The new CEO of FTX told U.S. lawmakers Tuesday that his team has received “extraordinary” pushback from authorities in the Bahamas, where the fallen crypto exchange is based, and called into question actions taken by the Bahamian government surrounding the company’s bankruptcy.
John Ray III, who took the helm at FTX after disgraced founder Sam Bankman-Fried’s departure last month, told the House Financial Services Committee that Bahamian officials took some FTX Digital Markets funds following the U.S. bankruptcy filing with the assistance of now-former FTX employees.
Ray said some assets were moved out of the Bahamian FTX division by a hack and other funds were moved by Bahamian officials. “It wasn’t a request,” he explained. “They just took it.”
Ray said the Bahamian authorities were aided in doing so by previous leadership, including FTX co-founder Gary Wang.
“We’ve repeatedly asked them for clarity about what they’ve been doing,” he said of the Bahamian authorities. “We’ve been shut down by them.”
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Ray said it appears Bankman-Fried, who was arrested Monday on several charges related to the FTX collapse, had attempted to undermine the U.S. bankruptcy process by moving company assets to accounts under the control of the Bahamian authorities.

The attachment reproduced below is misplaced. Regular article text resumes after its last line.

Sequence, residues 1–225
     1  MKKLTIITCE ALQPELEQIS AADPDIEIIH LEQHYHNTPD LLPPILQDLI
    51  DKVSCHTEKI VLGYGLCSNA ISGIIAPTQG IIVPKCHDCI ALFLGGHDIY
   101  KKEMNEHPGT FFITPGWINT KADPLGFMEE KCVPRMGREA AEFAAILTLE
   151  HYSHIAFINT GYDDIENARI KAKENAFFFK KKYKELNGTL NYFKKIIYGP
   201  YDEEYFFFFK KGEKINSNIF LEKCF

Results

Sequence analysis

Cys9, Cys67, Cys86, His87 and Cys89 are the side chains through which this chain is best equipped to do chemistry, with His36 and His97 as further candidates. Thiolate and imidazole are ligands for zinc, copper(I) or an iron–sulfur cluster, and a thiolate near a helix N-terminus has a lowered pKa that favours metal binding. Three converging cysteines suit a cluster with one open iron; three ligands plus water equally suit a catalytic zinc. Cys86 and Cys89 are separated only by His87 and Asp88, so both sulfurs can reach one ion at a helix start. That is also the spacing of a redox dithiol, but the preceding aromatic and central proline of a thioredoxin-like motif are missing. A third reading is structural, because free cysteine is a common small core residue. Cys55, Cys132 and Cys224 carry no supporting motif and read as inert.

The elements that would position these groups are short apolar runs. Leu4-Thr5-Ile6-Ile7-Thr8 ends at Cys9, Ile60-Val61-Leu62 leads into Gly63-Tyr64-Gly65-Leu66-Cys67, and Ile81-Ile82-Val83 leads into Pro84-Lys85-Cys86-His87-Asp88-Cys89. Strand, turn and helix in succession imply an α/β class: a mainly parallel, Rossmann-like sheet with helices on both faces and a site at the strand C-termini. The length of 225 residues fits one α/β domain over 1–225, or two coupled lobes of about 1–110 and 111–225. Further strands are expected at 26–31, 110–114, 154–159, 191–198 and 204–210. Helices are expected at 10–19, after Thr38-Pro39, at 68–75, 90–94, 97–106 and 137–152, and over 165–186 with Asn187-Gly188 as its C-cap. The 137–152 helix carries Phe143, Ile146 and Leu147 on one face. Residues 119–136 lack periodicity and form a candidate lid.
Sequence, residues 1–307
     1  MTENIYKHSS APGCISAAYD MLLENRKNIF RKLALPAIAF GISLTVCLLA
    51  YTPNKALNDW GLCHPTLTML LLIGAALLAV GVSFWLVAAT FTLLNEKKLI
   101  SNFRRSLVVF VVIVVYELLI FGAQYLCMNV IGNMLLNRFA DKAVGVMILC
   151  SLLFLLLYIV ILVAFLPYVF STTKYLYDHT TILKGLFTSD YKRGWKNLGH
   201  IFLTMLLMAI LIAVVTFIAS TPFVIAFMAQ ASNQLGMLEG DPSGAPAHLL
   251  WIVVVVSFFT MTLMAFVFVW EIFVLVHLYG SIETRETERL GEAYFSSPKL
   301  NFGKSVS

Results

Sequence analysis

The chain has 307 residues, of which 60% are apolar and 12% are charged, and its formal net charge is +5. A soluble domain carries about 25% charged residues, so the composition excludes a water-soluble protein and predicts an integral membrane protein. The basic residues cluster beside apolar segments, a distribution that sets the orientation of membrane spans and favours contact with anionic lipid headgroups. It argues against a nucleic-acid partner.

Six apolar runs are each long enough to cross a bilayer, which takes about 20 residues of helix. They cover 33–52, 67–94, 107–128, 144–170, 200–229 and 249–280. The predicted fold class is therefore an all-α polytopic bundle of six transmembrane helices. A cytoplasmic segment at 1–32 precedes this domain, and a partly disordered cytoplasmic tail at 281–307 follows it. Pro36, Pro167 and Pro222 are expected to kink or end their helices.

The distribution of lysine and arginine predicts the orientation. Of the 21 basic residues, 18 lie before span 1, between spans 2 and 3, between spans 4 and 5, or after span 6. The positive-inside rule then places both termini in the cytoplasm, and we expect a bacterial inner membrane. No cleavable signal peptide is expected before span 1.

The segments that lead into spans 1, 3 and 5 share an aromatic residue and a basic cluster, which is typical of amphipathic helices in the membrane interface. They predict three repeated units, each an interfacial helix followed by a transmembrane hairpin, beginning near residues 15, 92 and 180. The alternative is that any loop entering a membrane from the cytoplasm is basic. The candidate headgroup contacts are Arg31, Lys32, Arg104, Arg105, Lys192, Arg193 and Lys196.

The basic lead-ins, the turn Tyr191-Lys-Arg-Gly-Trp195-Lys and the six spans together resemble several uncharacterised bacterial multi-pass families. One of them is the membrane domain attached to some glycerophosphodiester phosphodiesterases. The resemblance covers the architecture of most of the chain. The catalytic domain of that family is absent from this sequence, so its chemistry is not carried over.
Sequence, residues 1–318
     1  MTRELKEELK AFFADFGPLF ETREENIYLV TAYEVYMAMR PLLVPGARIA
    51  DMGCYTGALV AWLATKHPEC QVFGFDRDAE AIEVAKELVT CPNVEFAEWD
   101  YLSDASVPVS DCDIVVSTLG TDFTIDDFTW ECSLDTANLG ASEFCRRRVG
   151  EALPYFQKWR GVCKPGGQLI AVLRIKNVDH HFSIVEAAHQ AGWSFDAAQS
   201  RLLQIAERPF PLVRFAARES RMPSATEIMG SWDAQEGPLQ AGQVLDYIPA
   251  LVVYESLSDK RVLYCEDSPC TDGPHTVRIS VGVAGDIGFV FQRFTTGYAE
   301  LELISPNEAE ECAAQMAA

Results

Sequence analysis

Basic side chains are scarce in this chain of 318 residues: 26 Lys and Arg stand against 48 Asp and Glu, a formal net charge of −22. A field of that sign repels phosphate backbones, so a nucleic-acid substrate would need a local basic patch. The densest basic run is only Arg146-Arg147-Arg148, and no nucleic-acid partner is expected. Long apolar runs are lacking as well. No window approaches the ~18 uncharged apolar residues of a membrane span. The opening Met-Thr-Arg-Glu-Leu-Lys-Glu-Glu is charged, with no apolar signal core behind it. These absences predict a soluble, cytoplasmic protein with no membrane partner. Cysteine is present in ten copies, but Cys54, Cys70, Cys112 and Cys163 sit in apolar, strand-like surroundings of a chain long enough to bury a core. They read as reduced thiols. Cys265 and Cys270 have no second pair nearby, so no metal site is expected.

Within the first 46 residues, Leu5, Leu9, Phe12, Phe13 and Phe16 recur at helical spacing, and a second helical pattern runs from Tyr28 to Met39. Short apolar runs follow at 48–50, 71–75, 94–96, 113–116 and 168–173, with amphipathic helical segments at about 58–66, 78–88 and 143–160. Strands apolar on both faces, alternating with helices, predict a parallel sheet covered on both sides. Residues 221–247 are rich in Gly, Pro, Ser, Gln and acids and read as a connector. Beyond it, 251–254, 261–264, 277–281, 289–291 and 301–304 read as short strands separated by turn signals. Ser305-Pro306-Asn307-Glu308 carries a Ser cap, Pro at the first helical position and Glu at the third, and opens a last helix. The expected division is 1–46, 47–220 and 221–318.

The Bahamian government, Ray said, has its own liquidation proceeding relative to FTX Digital Markets, but that it has not been transparent.
“We have opened up the ability to share everything that we have with Bahamian government — similar to how we share with other liquidators around the world — and not only in this case and other cases, it’s meant to be a very cooperative situation,” Ray explained.
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“The pushback that we’ve gotten is sort of extraordinary in the context of bankruptcy,” he continued. “It raises questions. It seems irregular to me. There’s lots of questions on our part, and obviously we’re investigating.”
The Securities Commission of The Bahamas admitted last month to seizing assets of FTX Digital Markets Ltd, saying “urgent interim regulatory action was necessary to protect the interests of clients and creditors” of the exchange.
The commission did not immediately respond to FOX Business’ request for comment on Mr. Ray’s remarks.
Reuters contributed to this report.
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